Archives by Day

The Bigs

Platform(s): PSP, PlayStation 2, PlayStation 3, Wii, Xbox 360
Genre: Sports
Publisher: 2K Sports
Developer: Blue Castle Games

About Brad Hilderbrand

I've been covering the various facets of gaming for the past five years and have been permanently indentured to WorthPlaying since I borrowed $20K from Rainier to pay off the Russian mob. When I'm not furiously writing reviews, I enjoy RPGs, rhythm games and casual titles that no one else on staff is willing to play. I'm also a staunch supporter of the PS3.


As an Amazon Associate, we earn commission from qualifying purchases.

PS3 Review - 'The BIGS'

by Brad Hilderbrand on Dec. 24, 2007 @ 2:49 a.m. PST

The BIGS brings blazing graphics to huge proportions with larger-than-life MLB player models and ballparks. Featuring fantastic pitching, batting, and fielding animations, gamers can also take advantage of spectacular power-ups with outrageous special effects. As a standard for all major 2K Sports titles, The BIGS features online play for up to four players, making it a grand slam for online baseball battles.

Genre: Sports
Publisher: 2K Sports
Developer: Blue Castle Games
Release Date: June 25, 2007

I found it slightly ironic that the Mitchell Report, naming all manner of professional baseball players as potential steroid monkeys, was released the day before I received a copy of The Bigs to review. 2K Sports' take on America's pastime celebrates rawhide-ripping home runs, blistering fastballs and supersonic speed. The strange thing is, I found myself enjoying The Bigs more than any other baseball title in recent memory, essentially making me no different than those people who have cheered for Barry Bonds, Jose Conseco and Mark McGuire all these years. Well, I may be a moral sellout, but the important thing is that I'm having fun.

The Bigs could be considered a spiritual successor to the MLB Slugfest franchise. Those titles emphasized over-the-top action, with every play turning into an epic sports opera of splintered wood and screaming baseballs. The Bigs takes us back to those glorious games, with scoreboard-shattering home runs and turbo-charged baserunning. For the most part, the game plays like a sped-up version of a regular ballgame, but with a few specific "enhancements." For example, each team has a turbo gauge and a Big Play meter. The turbo gauge is filled by throwing strikes on the mound or taking balls at the plate, and when it's ready, you can unleash superheated pitches, powered-up hits, light-speed throws or mach-speed baserunning.

The Big Play meter is another beast entirely, and it's what pushes The Bigs into full-fledged arcade territory. Basically, achievements like strikeouts, diving catches, base hits and home runs award a varying amount of points. Once you achieve 100,000 points, the meter will fill and you can press R1 and L1 and unleash either the "Power Blast" or "Big Heat." Power Blast will allow any batter, regardless of his stats, to smoke the next ball his bat touches out of the park in an overpowering and highly stylized way. I always loved the Power Blast, as it meant every hit would end in either a shattered luxury box window or an explosion of sparks as the ball embedded itself in the scoreboard. If you are more of a defensive-minded player, you can activate Big Heat mode while on the mound and juice all of your pitches. While your pitcher is still technically hittable, it is far more likely that you'll strike out the next batter, in turn stealing a portion of your opponent's Big Play meter.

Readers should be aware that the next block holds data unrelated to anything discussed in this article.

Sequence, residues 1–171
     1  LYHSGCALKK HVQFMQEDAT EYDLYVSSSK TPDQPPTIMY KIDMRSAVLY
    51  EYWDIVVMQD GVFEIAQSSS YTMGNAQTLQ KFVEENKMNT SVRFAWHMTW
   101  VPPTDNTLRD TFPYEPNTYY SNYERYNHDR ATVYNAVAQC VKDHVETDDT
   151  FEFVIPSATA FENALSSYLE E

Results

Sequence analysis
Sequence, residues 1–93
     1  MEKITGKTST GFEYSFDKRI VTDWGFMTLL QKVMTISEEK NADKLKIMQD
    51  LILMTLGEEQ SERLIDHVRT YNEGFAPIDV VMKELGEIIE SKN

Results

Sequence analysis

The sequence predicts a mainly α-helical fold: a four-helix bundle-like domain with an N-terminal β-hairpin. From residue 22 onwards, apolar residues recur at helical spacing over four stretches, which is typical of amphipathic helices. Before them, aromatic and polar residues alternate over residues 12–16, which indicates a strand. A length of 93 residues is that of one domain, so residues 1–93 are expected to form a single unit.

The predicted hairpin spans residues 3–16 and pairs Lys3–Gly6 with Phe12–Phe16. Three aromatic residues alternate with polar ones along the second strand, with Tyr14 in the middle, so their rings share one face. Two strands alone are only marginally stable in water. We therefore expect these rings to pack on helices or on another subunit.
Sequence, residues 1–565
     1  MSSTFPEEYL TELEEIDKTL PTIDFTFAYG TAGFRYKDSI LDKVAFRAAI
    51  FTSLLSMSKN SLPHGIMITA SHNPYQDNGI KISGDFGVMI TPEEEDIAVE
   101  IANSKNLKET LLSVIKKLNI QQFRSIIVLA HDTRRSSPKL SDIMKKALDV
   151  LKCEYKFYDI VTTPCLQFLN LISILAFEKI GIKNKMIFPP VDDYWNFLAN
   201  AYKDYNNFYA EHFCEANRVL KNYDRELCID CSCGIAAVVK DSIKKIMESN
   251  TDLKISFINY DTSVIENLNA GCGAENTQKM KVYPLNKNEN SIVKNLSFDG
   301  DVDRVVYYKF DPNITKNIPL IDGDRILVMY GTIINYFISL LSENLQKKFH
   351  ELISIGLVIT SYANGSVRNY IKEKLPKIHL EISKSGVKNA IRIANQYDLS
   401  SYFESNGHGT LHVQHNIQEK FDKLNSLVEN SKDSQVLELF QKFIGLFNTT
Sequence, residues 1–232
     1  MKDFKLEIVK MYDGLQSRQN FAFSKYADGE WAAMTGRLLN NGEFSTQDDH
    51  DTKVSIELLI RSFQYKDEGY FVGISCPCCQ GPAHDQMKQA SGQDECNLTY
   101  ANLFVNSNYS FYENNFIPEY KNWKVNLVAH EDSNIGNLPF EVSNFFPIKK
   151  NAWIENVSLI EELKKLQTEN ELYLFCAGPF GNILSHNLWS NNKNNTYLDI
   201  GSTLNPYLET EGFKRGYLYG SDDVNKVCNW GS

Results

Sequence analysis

When you fire up the title, you'll be presented with a fair number of game options. You can choose from Exhibition, Home Run Derby, Home Run Pinball, Play Now and Rookie Challenge. Now then, if you were paying attention, you may have noticed something missing; there are no career or franchise modes, which may seem sacrilegious to many baseball fans. In their place, The Bigs features the Rookie Challenge, putting you in the shoes of a hot young prospect trying to make a name for yourself in the league. Starting out, you'll go through the traditional steps of creating your character and assigning skill points, so there's nothing special there. However, once you start the Rookie Challenge proper, you'll not only be tasked with simply winning games, but completing scenarios and participating in training sessions as well. Victory in an event will grant you more skill points, additional venues and new challenges. The tasks set before you in this mode are varied enough to keep things interesting, and the balance between offensive and defensive goals ensures that you must develop skills on both sides of the ball in order to succeed.